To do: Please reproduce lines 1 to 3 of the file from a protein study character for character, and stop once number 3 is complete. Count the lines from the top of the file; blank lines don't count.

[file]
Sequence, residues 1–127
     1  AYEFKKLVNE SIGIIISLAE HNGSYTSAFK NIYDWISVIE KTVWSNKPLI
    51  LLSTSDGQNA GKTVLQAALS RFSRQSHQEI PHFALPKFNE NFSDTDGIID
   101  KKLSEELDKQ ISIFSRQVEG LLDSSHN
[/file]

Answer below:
Sequence, residues 1–127
     1  AYEFKKLVNE SIGIIISLAE HNGSYTSAFK NIYDWISVIE KTVWSNKPLI
    51  LLSTSDGQNA GKTVLQAALS RFSRQSHQEI PHFALPKFNE NFSDTDGIID